Spiritual disciplines? Jesus and the disciples?
The years of practice needed to become a dancer or a musician?
The grammarian slash disciplinarian attitude of many teachers in books and films, such as the vice-principal in Mr. Holland's Opus (the one who wants to cut all the arts programs) and Norman Lloyd's character in Dead Poets' Society (the one who wants to fire Robin Williams)?
Do you think of kindness or unkindness, grace or law? Is it Mr. Phillips in Anne of Green Gables, who really can't "keep order" at all, or is it Miss Stacy, who brings a friendlier atmosphere to the classroom? Is it Anne herself as teacher, endeavouring to win her pupils with love, until the day she gives Anthony Pye a well-deserved licking? (After that, he behaves himself.)
It reminds me of the Mrs. Piggle-Wiggle stories, where the first stage of a magic cure often involves parents secretly wafting invisibility powder or sprinkling radish seeds, but where, after the usual crisis (the dirty child appears covered in sprouting radishes), the end involves recognition and a certain amount of will. Sometimes this takes the form of a parent-child conversation where they agree that there was a problem but that they will try not to let it recur (especially if the parents were enabling the misbehaviour). The magic bottles are returned to Mrs. Piggle-Wiggle, and the responsibility shifts from the parents needing to teach a lesson or break a habit, to the children who may not always act perfectly from now on, but who are capable of recognizing and changing their own thoughts when they see old behaviours trying to break out.
If education is a discipline, it begins, ideally, when our children are young and we work on instilling habits of attentiveness, truthfulness and so on. When they are old enough for school lessons, if we control the environment just enough, say, to avoid too many distractions and interruptions; if we make the first reading, writing, number experiences positive, successful ones; if they're given small things to do perfectly, and then the bar is raised just a little at a time; then good learning habits are formed without much need for extra schoolroom discipline.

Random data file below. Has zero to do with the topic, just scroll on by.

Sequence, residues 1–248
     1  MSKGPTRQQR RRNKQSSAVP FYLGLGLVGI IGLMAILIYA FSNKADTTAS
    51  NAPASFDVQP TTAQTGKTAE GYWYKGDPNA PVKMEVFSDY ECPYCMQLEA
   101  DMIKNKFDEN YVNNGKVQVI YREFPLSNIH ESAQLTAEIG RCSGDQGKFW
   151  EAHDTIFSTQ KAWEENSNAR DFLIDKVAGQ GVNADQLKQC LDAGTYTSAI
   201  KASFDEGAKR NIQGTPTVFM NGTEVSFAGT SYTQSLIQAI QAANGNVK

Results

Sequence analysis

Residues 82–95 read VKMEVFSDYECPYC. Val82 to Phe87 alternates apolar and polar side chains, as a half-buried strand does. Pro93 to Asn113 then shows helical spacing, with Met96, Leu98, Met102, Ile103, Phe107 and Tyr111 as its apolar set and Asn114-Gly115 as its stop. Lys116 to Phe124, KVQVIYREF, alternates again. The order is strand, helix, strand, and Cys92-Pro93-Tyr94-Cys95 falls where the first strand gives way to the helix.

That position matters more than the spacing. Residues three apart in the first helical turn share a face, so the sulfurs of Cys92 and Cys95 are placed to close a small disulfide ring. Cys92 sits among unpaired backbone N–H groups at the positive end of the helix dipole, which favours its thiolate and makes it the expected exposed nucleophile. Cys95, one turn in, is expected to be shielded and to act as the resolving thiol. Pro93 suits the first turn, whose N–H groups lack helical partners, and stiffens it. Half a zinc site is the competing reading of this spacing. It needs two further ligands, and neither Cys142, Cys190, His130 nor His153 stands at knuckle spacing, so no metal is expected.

And then, when they're older? How do we shift the responsibility for education, as in the tantrum story, onto the shoulders of our old-enough children? I recommend reading Melissa Wiley's Down to the Bonny Glen, the chapters about Martha's new governess Miss Crow, as an example of CMish masterly inactivity:
"But still Martha had the feeling that her every move was being watched. As if to confirm this suspicion, Miss Crow, eyes still fixed upon the needles, slowly raised her left eyebrow. Martha jumped as though the governess had pricked her with a pin. She wrenched her gaze back to her copywork and wrote without daring to look up until all the assigned lines had been copied...Martha had just finished the last letter of the last word when the governess laid the knitting aside. She rose and looked at the copywork. Martha waited anxiously for stern words about the blots...But the governess merely nodded her head once and said, "Now then, let us have a look at your sewing."